China will 'gift' Tibet a 435km railway line touted to be the region's 'fastest' line on the Chinese Communist Party's 100th birthday this month. According to a report in The Economist, the 37-billion yuan ($5.7bn) track extends from Tibet's capital Lhasa to the city of Nyingchi and is slated to begin operations from June 30.
The 435km line is Tibet's 'first electrified railway line' and is a major chunk of China's second rail link with Tibet-- 'The Lhasa-Nyingchi railway stretch.' As part of China's 'project of the century,' the entire Lhasa-Nyingchi railway stretch is expected to be completed in 2030 and will connect Lhasa with Sichuan's capital Chengdu. The line will be operated at a maximum speed of 160kmph with the entire stretch being covered in just 12 hours as compared to the 36 hour journey that needed to be made via road.
Notably, China's latest 1 trillion yuan 'development push' to accelerate infrastructure investment in Tibet will bolster its frontier security near the Tibet border amid the LAC standoff with India. Chinese President Xi Jinping has said that the construction of the rail line would play a ‘key role in safeguarding the stability in the border areas of the nation.' The track will connect southwest Sichuan province to Linzhi in Tibet, which falls near the Arunachal Pradesh border.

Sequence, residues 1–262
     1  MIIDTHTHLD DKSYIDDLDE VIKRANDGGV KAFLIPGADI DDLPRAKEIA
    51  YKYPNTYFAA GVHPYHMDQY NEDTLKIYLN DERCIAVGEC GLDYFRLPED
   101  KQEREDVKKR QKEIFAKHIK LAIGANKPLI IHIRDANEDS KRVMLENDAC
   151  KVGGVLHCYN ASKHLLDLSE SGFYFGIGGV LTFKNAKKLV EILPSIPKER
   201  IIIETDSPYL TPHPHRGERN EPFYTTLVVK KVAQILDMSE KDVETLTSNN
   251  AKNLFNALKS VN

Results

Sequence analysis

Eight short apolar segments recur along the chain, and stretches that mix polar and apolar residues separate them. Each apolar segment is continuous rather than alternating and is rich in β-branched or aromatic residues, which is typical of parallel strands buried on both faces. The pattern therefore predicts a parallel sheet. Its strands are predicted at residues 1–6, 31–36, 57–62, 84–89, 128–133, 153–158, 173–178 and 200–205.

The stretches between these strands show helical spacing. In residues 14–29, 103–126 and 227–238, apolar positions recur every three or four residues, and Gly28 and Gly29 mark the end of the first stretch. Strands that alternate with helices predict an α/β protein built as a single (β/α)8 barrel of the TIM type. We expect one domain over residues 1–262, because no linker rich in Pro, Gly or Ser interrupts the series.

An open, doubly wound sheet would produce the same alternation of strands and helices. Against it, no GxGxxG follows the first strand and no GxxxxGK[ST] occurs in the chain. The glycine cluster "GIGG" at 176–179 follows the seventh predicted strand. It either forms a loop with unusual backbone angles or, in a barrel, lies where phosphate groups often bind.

Meanwhile, as China continues to make massive inroads into Tibet via large-scale construction projects, the Central Tibetan Administration has raised concerns over China’s systematic destruction of the environment. During the three-day virtual event on the '17-point Agreement & 70 Years of Oppression in Tibet' organized by the Tibet Bureau Geneva on May 22, the panel highlighted the oppression that Tibetans were facing related to human rights and the environment.
As per news agency ANI, Tibet had stated that "the last 70 years under the Chinese Communist Party (CCP) had been nothing but of oppression and destruction". The official from the bureau revealed that while Tibet as a region continues to be a 'developmental priority' for the Chinese government, those projects have neither "liberated" nor brought "prosperity" to the Tibetans.